Prognostic value of tomographic rest-redistribution thallium 201 imaging in medically treated patients with coronary artery disease and left ventricular dysfunction

Academic Article

Abstract

  • Background, Previous studies show that rest-redistribution thallium imaging is useful in the assessment of myocardial viability, The impact of such studies on patient outcome is not well defined, This study examined the prognostic value of tomographic rest-redistribution 201T1 imaging in 81 medically treated patients with coronary artery disease and left ventricular dysfunction, Methods and Results, Rest-redistribution single-photon emission computed tomographic images were obtained and analyzed quantitatively, The segmental thallium uptake (20 segments per patient) was interpreted as normal, reversible defect, mild to moderate fixed defect, or severe fixed defect, The thallium images were abnormal in 80 patients, with no redistribution (no ischemia) in 43 patients and redistribution (ischemia) in 38 patients, The left ventricular ejection fraction was 27% ± 8% in patients with no redistribution and 26% ± 7% in patients with redistribution (difference not significant), In patients with no ischemia, there were 7 ± 5 severe fixed defects and 5 ± 4 mild to moderate fixed defects per patient, In patients with ischemia there were 7 ± 4 reversible defects, 3 ± 3 mild to moderate fixed defects, and 5 ± 4 severe fixed defects per patient, The number of any abnormal segments was 11 ± 5 in patients with no ischemia and 14 ± 4 in patients with ischemia (p = 0.03), During a mean follow-up of 31 ± 24 months, there were 11 cardiac deaths in patients with no ischemia (26%) and 22 in patients with ischemia (58%); the survival rate was worse in patients with than without ischemia (p < 0.05), Multivariate Cox survival analysis on important clinical, angiographic, and thallium variables showed that the presence of redistribution was an independent predictor of death (x2 = 5; p = 0.03), Conclusions, Patients with left ventricular dysfunction and redistribution on rest thallium imaging, a marker of hibernating myocardium, have a higher mortality rate with medical therapy than do patients with a comparable degree of left ventricular dysfunction but with fixed defects only, Thus observations similar to those made with positron emission tomography can be made in a much more straightforward, simple, and probably cost-effective manner with single-photon emission computed tomography.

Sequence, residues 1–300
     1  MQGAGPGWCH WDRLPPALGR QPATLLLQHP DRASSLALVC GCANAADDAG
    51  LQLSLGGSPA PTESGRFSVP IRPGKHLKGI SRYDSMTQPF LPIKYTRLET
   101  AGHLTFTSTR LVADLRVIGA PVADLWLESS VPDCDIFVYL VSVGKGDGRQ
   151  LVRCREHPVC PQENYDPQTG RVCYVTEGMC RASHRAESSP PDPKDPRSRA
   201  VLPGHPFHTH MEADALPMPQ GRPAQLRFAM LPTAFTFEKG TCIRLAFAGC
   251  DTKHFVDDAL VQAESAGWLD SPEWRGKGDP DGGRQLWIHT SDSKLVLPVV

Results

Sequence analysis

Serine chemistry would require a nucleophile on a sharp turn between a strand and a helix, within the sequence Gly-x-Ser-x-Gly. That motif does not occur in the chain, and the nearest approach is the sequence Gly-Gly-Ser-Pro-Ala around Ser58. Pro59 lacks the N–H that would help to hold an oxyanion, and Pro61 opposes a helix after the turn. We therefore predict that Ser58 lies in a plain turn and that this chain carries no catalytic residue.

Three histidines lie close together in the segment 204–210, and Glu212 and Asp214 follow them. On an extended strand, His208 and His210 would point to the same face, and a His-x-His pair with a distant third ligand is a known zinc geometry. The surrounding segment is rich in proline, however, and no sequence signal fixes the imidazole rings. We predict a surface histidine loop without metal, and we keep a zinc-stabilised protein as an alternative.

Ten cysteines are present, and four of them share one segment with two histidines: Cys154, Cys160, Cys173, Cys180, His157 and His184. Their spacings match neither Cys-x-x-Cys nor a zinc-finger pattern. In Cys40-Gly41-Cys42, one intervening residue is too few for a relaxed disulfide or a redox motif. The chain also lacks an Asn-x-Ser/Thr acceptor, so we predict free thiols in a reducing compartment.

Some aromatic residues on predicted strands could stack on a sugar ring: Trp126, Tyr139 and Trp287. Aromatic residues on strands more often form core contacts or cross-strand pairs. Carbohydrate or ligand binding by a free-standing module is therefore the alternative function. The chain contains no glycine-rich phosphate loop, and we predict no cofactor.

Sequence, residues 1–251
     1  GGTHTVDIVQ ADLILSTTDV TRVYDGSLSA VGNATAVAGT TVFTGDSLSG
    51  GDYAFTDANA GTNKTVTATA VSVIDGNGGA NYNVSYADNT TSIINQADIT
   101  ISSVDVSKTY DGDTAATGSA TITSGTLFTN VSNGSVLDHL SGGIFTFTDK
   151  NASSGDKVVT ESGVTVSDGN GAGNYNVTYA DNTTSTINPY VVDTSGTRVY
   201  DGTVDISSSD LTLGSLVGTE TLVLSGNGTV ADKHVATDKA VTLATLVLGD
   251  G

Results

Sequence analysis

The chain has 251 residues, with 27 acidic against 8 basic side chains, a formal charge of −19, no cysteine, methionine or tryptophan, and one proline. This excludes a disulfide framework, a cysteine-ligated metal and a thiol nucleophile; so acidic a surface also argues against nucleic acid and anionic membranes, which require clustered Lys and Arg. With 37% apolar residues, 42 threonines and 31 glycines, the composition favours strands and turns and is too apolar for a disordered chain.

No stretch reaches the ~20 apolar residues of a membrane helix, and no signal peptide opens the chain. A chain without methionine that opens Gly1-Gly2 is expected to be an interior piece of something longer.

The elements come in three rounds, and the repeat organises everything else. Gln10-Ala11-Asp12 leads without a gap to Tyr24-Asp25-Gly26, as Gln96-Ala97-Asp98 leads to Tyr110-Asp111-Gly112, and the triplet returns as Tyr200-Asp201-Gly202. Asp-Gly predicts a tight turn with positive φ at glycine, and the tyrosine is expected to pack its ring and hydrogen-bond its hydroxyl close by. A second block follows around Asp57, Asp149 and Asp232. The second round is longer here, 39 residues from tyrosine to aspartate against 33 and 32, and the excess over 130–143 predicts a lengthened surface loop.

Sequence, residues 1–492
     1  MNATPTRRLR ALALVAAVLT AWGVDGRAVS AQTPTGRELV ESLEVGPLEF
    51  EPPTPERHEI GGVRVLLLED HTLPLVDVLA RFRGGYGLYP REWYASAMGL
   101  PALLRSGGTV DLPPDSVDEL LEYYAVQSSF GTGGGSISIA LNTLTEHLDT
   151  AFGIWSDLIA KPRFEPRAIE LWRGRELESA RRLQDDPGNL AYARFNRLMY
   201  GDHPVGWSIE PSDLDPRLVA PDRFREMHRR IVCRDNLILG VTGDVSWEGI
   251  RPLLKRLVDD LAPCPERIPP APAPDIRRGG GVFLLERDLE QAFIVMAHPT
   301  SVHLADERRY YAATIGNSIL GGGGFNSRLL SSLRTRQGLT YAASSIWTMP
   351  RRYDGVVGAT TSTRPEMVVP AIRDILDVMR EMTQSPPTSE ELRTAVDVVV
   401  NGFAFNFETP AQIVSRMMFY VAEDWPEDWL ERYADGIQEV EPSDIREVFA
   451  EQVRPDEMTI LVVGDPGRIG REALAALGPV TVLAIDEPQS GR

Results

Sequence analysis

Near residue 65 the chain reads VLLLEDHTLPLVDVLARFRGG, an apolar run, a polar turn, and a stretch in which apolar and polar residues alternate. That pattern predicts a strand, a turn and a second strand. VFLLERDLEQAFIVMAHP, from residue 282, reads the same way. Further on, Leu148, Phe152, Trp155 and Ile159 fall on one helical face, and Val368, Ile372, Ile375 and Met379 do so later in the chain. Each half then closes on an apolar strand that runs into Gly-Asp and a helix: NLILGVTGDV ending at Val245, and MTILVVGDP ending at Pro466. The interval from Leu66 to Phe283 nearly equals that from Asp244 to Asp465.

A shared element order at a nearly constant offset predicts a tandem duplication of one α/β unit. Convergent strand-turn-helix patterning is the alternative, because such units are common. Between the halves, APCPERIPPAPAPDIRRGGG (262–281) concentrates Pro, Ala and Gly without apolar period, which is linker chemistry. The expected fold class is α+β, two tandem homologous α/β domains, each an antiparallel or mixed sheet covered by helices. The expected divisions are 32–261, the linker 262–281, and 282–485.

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    Author List

  • Gioia G; Milan E; Giubbini R; DePace N; Heo J; Iskandrian AS
  • Start Page

  • 150
  • End Page

  • 156
  • Volume

  • 3
  • Issue

  • 2